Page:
By Saba Naqvi
21 May 2017
INDIA is constitutionally a secular democracy. Iran is an Islamic state. Yet during a recent visit there, I would come out with a rich haul of stories and learn a few things that were intriguing. For instance, I would learn that there are restrictions on the volume levels of loudspeakers for the morning Azan in many residential areas even during the month of Ramadan. I guess it’s an unfair comparison since India is a noisy society where temples and mosques all have the license to kick up a racket, but as a reporter it’s a fact I can’t resist pointing out.
In Iran I also had the opportunity to interview a leading cleric Haj Abul Qasim who heads the Jurisprudential Research Centre of Social systems in Qom and is a member of the Assembly of Experts, that’s tasked with guiding that country’s Supreme Leader and choosing the new one when the time comes. Besides several questions on Iran and geopolitics, I also asked him about how clerics should present themselves when they speak for a minority community. The answer was fascinating: he spoke of the concept of “Taqiyyah” whose literal translation is the permission to deceive in order to protect the community.
The way he explained it was fascinating: it means, he said, that you should recognize that what you appreciate and recognize will not be appreciated by others. Therefore when the community is a minority, its religious leaders should act diplomatically in order to protect their people.
Many Indian Maulvis do the opposite. Indeed, as the TTT (Triple Talaq Tamasha) proceeds, the producers of TV news shows are certainly on to a good thing with various worthies of the All India Muslim Personal Law Board (AIMPLB). Therefore, on any dull news day -- that is when we can’t abuse Kashmiris on prime time TV or harangue Pakistanis or have a super duper exclusive expose on the opposition chaps all now running for cover -- we can dust off the mullahs and produce them on TV. The producers are guaranteed of a sterling performance by one mullah or the other defending the indefensible.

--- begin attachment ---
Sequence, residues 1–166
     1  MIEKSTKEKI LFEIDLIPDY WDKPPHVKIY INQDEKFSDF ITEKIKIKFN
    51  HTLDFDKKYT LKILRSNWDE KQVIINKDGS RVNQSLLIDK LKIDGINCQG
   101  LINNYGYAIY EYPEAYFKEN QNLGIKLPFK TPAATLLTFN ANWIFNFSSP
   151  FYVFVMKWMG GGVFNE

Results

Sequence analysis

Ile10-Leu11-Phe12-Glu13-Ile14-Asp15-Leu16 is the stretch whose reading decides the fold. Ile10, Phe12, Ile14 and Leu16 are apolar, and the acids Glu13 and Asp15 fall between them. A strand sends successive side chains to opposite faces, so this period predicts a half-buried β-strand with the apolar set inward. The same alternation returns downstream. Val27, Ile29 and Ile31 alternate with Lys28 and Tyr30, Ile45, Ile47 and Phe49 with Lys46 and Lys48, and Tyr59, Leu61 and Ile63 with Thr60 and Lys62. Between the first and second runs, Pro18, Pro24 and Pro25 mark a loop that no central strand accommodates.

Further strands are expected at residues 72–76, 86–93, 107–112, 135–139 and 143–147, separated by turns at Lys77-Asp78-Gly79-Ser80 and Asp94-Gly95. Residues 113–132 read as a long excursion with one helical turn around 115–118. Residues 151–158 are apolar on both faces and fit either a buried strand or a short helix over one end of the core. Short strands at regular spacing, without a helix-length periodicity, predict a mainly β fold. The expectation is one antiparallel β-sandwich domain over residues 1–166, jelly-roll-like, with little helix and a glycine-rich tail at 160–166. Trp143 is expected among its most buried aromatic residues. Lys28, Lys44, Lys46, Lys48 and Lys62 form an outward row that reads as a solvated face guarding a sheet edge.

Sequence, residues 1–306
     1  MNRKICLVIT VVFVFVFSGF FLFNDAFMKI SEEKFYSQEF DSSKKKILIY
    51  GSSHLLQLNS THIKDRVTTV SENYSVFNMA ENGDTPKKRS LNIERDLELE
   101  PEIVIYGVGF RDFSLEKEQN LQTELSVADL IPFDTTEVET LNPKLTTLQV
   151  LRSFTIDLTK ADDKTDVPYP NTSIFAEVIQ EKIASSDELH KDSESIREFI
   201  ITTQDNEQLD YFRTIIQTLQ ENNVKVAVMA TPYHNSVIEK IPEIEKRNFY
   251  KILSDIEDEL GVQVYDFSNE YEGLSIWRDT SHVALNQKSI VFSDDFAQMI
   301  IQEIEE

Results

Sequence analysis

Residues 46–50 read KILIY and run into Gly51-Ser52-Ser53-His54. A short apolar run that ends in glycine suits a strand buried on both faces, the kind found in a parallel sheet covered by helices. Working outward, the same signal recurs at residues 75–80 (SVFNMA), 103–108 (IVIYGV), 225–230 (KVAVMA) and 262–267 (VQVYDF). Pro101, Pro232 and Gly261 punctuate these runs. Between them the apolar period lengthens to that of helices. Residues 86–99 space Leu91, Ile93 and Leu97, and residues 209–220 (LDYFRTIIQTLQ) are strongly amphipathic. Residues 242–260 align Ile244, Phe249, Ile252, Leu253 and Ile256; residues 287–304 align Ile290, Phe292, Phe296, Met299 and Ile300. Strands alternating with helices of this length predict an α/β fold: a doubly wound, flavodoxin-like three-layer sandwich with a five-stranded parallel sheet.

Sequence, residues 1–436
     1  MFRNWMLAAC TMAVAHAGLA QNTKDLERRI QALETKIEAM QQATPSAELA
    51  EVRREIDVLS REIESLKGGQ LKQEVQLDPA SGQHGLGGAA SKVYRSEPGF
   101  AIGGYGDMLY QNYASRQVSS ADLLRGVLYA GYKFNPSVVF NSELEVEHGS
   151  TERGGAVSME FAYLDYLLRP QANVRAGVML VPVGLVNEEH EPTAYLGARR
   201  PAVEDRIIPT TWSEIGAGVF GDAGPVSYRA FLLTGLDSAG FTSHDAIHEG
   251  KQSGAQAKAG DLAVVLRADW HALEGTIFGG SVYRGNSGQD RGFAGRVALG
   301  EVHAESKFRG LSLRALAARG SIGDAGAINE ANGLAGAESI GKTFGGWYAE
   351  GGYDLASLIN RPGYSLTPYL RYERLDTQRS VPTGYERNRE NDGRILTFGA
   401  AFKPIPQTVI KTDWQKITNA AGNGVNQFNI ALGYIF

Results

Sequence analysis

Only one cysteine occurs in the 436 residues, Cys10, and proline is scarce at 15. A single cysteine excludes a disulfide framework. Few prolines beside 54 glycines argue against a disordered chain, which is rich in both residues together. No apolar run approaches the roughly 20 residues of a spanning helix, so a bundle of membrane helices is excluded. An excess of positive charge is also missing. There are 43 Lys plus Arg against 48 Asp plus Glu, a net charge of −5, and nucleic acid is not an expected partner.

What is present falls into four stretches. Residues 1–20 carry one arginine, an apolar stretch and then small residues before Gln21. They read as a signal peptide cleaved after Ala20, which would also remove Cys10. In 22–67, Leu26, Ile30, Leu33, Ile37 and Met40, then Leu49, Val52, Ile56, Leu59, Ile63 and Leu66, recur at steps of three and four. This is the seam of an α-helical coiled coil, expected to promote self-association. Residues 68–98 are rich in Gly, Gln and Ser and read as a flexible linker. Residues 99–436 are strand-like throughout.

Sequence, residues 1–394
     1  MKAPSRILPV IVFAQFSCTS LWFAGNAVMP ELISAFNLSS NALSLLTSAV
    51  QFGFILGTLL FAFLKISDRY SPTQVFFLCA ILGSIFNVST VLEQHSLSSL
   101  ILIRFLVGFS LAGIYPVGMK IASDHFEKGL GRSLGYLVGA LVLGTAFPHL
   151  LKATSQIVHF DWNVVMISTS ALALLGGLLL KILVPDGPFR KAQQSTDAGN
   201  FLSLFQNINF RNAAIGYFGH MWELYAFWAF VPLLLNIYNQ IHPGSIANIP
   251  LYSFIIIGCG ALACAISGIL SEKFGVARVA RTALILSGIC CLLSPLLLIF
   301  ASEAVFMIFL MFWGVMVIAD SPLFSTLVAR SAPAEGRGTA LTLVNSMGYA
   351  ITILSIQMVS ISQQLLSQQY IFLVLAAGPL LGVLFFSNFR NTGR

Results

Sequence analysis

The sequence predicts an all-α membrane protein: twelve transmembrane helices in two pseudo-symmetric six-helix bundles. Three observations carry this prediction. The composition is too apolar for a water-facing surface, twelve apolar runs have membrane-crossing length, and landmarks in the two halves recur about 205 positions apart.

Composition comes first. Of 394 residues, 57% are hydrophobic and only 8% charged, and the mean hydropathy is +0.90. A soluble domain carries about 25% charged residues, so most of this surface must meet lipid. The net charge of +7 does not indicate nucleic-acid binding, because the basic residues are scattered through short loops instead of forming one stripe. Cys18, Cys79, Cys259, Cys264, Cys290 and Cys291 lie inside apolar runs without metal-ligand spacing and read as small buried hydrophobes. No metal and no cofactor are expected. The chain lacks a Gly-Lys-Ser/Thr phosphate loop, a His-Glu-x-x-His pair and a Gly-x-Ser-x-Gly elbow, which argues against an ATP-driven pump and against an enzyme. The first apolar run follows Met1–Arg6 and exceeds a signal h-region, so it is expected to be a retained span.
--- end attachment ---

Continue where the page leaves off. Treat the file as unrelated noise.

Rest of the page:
I think there needs to be some serious introspection among Muslims on how the views of the clerics go down with the pre-dominantly non-Muslim audience.
I have also been confronted with convoluted arguments by well-meaning folks who believe I should defend (or at least not attack) Triple Talaq because the BJP regime is challenging it in court only in order to embarrass the Muslim community. They are partly right but very wrong about a few basic principles involved. Certainly, the BJP has no real concern for the welfare of minorities of any gender; hence Triple Talaq could well be viewed as a bait.
Tragically, but very expectedly however, instead of offering any enlightened views, the clerical class of the Muslim community has bitten the bait. On the one hand we have news reports of Congressman and lawyer Kapil Sibal arguing in the Supreme Court on behalf of the (AIMPLB) and saying that triple Talaq is 1400 years old hence should not be tampered with (on such grounds could we have retained sati, child marriage but then perhaps only Muslims need to be kept in a medieval time warp?).
Sibal has also reportedly taken the Holy Book argument that the Quran can’t be tampered with. Wonder why most Muslim majority nations including Pakistan have done away with triple Talaq? I guess the mullahs there are just not as enlightened as our chaps in India.
One may ask, what is the locus standi of the AIMPLB to speak on behalf of the world’s third largest Muslim community? Briefly, the AIMPLB, founded in 1973, is a collection of clerics whose purpose is to protect Sharia law. Half its members are life members who represent an orthodox male viewpoint. The same chaps also have their hand in managing Waqf properties that are meant to be used for the welfare of the poor but are repositories of corruption. There are 3, 00,000 registered Waqf properties in India on four Lakh acres.
There is so much unemployment and backwardness in the Muslim community that giving a child semi-education in a madrasa and then getting him a salary of an Imam can be viewed as a safe career choice. That’s why the mullahs have been getting away with it and also because any demand to question them brings out a familiar response: they are the only people who can interpret the Quran, something Sibal is also telling the apex court.
Under these conditions, the argument being made to me (that by opposing triple Talaq, I am playing a BJP agenda) is not surprising. The idea that someone may take a position because it involves the principle of equality of all citizens does not occur to many people today.